Opinion | Packing our parents in cotton wool

Audrey Glickman
Audrey Glickman (Courtesy of Glickman)

By Audrey Glickman

My friend Joy mentioned the idiom of packing our parents in cotton wool to protect them and keep them alive longer — but I think that could actually prevent them from living at all. Wrapping someone in cotton wool is the perfect description of what so many older children of elderly parents do.

I think that when a person’s abilities become in any way compromised, it’s best if we presume the person can do everything as usual until it is clear they need help. At that point, we should offer what is needed.

When Mom is diagnosed with Alzheimer’s, we don’t have to immediately build a fortress around her, hire 24-hour guards and conspire to lock her away before she’s ready. Every person’s dementia progresses differently, and everyone’s life circumstances are different. Changing someone’s life situation can accelerate the progression.

In fact, changing life situations can be stressful and detrimental to anyone at any time. After we become adults and before we become elderly, generally we make these decisions ourselves, in communication with our significant others. It’s mostly children, the elderly and perhaps criminals who have changes imposed upon them.

There’s a commercial on television in which a woman says, “We have to talk about Dad.” Throughout the commercial, the siblings say that they must get together and choose a place for Dad to live. Not once do they mention getting Dad into the conversation. They are talking about a nice “retirement” facility with golf and the ability to take one’s dog, apparently the only criteria they think matter to Dad.

There are plenty of stories like this. Many elders are in living situations that were decided by their children. Yes, it is still a good thing to grant your children conditional power of attorney over your affairs and your health care. But make certain that your wishes are completely understood from the very beginning, because once a person is diagnosed with dementia, the decisions are frozen in time.

Of course there are many seniors who live only for their children and grandchildren — who make no life for themselves other than what might benefit their next-generation family members. Again, that should be their decision, not the family members’, unless the elders are imposing themselves on the children and camping in the living room. (In fact, my grandfather lived in our living room for a while when I was a kid. He slept on a cot. Soon enough he moved to the basement game room and continued living with us. He had, however, put in a bid to be one of the first residents in a new senior high-rise. When it was completed, he moved in. I do not know whose decision that was, though the fact that my mother bought him no more solid a bed than our old cot may be an indication of her feelings about the matter.)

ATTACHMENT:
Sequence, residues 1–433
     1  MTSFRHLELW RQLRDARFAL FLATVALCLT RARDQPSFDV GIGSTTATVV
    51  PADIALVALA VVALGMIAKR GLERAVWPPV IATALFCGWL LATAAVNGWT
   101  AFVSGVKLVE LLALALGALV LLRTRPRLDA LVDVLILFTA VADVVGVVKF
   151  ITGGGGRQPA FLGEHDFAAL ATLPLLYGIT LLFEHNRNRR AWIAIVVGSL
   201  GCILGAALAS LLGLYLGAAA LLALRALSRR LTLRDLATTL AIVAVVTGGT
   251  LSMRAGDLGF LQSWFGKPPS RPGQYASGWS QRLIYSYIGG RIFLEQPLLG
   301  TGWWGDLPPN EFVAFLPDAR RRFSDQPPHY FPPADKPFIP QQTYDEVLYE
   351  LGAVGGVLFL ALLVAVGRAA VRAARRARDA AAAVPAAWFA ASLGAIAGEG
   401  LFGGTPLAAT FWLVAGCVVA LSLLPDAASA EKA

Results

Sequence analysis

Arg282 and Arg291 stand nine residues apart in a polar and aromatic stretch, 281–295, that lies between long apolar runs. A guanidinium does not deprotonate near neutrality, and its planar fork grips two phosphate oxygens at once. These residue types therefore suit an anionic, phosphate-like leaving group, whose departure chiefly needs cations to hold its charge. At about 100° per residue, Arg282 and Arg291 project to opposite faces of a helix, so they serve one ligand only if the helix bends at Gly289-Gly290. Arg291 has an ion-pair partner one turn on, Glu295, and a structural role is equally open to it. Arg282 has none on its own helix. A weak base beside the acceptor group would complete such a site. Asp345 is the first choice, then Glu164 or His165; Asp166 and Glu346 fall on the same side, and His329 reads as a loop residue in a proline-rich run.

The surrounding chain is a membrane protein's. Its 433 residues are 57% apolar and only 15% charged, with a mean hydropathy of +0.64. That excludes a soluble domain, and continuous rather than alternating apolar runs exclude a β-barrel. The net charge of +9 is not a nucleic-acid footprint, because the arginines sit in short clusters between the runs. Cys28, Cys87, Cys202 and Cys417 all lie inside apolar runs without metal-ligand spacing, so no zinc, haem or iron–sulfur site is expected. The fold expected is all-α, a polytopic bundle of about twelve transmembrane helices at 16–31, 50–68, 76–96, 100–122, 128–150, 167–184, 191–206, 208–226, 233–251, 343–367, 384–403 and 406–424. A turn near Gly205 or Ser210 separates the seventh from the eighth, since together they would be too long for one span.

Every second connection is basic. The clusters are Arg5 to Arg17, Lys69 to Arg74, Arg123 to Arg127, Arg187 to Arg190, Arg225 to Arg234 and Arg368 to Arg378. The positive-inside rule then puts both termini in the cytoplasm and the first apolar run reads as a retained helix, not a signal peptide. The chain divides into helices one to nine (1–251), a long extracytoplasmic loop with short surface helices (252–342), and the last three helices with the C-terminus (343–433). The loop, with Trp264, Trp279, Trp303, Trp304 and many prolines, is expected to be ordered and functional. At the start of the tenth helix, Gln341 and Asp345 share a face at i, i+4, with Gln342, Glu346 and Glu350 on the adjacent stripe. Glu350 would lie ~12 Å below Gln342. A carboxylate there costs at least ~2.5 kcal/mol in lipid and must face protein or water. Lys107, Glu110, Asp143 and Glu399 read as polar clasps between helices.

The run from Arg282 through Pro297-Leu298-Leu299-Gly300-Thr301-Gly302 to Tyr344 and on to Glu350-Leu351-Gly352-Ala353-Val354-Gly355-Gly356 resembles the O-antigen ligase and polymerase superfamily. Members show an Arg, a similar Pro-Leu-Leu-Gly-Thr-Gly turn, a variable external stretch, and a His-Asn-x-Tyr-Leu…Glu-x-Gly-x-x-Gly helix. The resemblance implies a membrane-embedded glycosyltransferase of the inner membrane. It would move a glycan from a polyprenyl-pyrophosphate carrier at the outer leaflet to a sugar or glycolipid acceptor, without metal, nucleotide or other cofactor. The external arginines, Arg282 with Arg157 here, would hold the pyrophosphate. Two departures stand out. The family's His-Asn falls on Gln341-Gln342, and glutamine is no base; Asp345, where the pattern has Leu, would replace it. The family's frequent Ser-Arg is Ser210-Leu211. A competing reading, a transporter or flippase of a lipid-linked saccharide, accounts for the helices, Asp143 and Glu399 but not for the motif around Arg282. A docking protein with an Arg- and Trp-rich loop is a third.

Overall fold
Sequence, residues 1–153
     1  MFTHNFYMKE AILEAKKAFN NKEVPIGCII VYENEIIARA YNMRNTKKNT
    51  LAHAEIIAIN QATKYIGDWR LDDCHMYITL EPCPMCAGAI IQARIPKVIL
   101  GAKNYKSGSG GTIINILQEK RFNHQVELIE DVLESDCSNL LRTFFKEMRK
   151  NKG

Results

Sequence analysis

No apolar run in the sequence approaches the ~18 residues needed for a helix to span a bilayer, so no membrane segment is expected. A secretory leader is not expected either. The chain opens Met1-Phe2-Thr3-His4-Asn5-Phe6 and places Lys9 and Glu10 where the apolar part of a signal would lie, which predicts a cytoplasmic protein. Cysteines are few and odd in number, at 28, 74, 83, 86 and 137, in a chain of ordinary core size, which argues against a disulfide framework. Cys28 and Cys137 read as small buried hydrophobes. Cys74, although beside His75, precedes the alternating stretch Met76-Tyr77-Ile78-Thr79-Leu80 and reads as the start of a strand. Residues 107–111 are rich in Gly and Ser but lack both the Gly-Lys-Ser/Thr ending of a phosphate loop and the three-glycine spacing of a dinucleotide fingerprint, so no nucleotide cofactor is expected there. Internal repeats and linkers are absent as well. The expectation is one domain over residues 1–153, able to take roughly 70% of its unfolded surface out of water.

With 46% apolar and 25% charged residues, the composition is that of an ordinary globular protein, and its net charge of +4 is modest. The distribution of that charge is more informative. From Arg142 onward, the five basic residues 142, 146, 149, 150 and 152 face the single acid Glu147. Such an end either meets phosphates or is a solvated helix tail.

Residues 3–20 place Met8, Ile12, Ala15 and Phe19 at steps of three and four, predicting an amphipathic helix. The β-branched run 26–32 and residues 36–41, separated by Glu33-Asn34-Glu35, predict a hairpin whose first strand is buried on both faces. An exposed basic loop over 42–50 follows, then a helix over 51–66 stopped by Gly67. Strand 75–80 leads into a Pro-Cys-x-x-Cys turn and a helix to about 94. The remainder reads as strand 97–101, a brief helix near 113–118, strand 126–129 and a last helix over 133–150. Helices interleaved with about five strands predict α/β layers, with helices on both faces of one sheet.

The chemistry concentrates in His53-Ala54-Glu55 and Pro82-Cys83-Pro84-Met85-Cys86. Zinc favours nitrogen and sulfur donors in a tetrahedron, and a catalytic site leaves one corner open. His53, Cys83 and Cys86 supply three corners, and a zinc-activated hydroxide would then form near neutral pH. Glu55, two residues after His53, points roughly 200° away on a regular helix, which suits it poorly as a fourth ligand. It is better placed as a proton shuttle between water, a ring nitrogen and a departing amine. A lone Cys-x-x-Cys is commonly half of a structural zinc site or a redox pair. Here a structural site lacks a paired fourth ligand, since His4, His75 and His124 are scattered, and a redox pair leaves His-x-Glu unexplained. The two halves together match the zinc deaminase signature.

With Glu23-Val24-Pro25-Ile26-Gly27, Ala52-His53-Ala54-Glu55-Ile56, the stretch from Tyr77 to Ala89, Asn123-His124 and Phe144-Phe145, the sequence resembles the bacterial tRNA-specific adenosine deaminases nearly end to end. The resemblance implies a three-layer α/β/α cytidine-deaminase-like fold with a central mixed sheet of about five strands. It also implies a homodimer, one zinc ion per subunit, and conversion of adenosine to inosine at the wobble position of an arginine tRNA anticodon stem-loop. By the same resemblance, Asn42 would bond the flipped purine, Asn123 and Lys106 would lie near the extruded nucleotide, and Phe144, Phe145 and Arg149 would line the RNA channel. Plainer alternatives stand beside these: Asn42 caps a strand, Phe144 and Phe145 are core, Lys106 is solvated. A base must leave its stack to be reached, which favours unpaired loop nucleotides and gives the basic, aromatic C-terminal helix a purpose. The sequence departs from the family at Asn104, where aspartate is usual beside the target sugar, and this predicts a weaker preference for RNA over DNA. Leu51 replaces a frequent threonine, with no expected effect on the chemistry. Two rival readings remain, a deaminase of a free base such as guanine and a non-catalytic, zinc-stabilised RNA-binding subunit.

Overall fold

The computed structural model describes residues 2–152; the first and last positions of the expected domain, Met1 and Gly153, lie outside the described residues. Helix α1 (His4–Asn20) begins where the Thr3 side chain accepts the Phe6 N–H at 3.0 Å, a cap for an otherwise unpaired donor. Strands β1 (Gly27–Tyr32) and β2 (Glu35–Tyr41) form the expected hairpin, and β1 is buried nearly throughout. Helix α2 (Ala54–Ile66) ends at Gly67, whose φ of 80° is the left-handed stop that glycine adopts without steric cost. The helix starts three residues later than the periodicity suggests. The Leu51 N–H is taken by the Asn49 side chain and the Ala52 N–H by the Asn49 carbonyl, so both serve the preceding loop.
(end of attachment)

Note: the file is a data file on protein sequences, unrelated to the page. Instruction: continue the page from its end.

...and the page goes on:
Yes, folks whose capabilities are declining may be a danger to themselves. My mother eventually reached the point where she was making herself noodle sandwiches, and often burning the noodles. And she absolutely forbade anyone going into her house to assist her. Then she began wandering. Essentially she’d made her own bed and had to lie in it. She found a happy life in the care facility, though she never forgave me for not returning her to her house after rehab from her broken hip.

All I’m saying to my children who may be reading this is that when your parents reach the stage at which you are questioning our ability to live in our current situation — and this is especially true if you live in another city, state or country — please talk with the people in our lives. Our friends have spent much more time with us than you have in recent years.

We should not pack our parents in cotton wool, only to destroy their ability to live. Over the years I’ve watched helplessly as caregivers (hired by the children) accelerated the demise of their patients by poor treatment, neglect or outright malice. Siblings have fought over this. I’ve seen children make the decision that the parents should move across the country to live “near” them in a nursing home, thus taking the parents away from their community and familiar surroundings. I’ve seen them separate happy couples who had been keeping each other young. I’ve seen them snoop on their parents’ communications — phone, text, email, etc. — and tattle on them to their siblings behind their parents’ backs. I’ve seen them make horrible decisions for their parents based upon nothing, when a simple question or two might have clarified everything — a question posed to the parents’ friends or neighbors, not the doctors.

These decisions generally seem to age the parents faster overall. At least from my perspective.

It’s almost as if the children are saying “die already.” Nothing they’re doing “for” their parents will help them, except maybe to give them a few days or weeks to live, taking away the risks that the parents were willing and eager to take. Taking the life out of living.

Life is life. We should live it until we no longer can. And it should be our choice whether to have the children take over and run things for us, especially in a manner we might not have selected for ourselves.

I hope my children are listening. Wool makes me itch.

Audrey Glickman is the author of “Pockets: The Problem with Society is in Women’s Clothing.” She is a rabbi’s assistant, with prior experience in nonprofits, government, advertising and as a legal secretary.

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